To answer your question: yes, i can "be content" with one person emotionally and sexually. I have been, and still am, content with both of my relationships, both people at different points in my life have been the "only" and i was content with either of them as i am with both, and with myself. I am not one of those people who feels like something is missing just because i have only one relationship. And i do not feel "illegitimate" by any means at all.
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  #306  
Old 06-25-2013, 10:28 PM
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Aery Aery is offline
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I really liked the remarks by Pepper. We've, through the years, at long intervals lived pretty mono sorts of lives, what with schedules, many moves to far places, raising children, what not, and it wasn't so awful. What helped overall was developing a vital-for-us authenticity about our desires/fantasies... Nourishing our intimate life... Hey I came from the early Jurassic Park period of Open/Poly relationships, involved in SF/Marin/Bay Area poly-community... starting with Deborah Anapol's "Intinet" get-togethers/poly potlucks and picnics. I'd bumbled along in various relationships, finding each partner's and mine tendencies towards non-exclusiveness. Yet more, it's been about the quality in relationship(s) over whatever form, and growing, things like making a home, family time, sharing and going through difficulties of all sorts, different friendships, separate things, adventures, good connection, even good arguments... together... I find having other involvements and the intensities all 'round are something I can't shake... But these other dimensions stay...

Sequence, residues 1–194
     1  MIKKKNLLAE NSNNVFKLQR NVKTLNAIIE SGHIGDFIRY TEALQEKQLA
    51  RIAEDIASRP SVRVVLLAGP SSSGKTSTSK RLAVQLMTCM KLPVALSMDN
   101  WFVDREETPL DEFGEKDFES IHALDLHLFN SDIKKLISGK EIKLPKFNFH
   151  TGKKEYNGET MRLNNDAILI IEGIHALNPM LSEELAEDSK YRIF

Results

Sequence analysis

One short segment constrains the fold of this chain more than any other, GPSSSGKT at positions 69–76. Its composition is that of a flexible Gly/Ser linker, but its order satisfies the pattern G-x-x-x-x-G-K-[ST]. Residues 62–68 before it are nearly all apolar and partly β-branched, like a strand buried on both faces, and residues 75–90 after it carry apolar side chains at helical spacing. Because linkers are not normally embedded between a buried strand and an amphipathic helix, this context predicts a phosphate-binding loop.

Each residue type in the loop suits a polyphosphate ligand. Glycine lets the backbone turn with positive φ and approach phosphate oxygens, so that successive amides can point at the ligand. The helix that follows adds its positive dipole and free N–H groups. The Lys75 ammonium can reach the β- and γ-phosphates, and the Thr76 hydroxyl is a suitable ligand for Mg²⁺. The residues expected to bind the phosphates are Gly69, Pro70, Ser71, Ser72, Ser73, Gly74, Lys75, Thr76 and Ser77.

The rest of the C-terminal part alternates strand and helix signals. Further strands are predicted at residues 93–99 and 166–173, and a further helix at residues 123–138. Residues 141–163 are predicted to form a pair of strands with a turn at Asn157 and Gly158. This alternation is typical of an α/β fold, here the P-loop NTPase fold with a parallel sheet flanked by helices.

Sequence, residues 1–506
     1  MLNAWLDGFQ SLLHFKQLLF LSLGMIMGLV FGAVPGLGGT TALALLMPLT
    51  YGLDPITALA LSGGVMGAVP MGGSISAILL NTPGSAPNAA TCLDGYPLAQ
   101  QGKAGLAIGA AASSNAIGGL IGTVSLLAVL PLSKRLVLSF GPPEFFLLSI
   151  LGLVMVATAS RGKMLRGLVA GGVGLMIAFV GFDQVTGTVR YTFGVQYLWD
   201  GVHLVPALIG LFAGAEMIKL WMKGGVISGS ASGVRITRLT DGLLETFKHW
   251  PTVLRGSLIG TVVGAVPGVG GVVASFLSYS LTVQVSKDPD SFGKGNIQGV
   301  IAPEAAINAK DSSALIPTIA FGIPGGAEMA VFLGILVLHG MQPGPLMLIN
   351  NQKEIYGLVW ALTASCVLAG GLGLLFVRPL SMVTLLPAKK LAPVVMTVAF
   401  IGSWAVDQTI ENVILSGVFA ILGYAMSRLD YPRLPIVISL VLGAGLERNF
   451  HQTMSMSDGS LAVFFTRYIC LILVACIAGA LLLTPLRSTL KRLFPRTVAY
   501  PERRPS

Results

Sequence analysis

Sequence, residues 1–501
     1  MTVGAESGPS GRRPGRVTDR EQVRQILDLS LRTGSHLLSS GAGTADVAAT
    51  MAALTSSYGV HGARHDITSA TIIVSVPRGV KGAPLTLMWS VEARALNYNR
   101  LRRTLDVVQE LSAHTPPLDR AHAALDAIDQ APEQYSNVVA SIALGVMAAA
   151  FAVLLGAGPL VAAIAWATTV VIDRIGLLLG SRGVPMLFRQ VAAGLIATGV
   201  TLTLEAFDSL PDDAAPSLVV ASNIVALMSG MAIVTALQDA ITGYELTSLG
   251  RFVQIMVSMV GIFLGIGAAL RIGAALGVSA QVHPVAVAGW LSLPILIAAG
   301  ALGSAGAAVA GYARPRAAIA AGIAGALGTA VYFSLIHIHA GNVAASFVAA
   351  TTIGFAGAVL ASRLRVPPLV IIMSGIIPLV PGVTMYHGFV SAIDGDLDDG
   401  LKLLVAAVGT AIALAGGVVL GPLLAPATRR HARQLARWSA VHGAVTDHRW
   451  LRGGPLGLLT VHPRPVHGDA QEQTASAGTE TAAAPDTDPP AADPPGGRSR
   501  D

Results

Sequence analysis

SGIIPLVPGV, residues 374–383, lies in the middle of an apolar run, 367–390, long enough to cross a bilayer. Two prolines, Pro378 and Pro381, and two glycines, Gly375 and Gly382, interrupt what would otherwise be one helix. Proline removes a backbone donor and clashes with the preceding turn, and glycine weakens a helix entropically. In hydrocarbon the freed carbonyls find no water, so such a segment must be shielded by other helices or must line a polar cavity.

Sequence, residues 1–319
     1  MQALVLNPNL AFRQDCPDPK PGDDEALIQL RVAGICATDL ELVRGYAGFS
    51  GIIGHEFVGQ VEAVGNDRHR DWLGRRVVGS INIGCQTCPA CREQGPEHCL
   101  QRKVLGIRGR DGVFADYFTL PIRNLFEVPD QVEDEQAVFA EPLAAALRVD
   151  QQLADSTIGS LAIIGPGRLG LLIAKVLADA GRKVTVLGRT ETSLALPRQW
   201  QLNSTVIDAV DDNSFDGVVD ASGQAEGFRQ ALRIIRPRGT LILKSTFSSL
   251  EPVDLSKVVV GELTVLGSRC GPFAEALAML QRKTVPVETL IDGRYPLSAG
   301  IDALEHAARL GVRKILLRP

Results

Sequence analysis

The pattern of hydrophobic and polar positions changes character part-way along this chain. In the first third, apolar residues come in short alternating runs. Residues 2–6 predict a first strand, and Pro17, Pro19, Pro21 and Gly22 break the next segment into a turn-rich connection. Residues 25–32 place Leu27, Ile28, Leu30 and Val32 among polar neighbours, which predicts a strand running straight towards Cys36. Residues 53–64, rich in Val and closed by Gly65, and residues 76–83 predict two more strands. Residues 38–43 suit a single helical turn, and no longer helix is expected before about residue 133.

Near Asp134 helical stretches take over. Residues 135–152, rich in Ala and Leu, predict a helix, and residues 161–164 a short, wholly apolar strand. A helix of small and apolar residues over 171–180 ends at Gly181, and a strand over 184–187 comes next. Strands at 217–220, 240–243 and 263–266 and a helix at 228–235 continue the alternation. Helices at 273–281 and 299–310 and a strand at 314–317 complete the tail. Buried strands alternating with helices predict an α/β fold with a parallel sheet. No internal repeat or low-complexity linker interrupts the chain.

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  #307  
Old 06-26-2013, 03:07 AM
PaulDrakket PaulDrakket is offline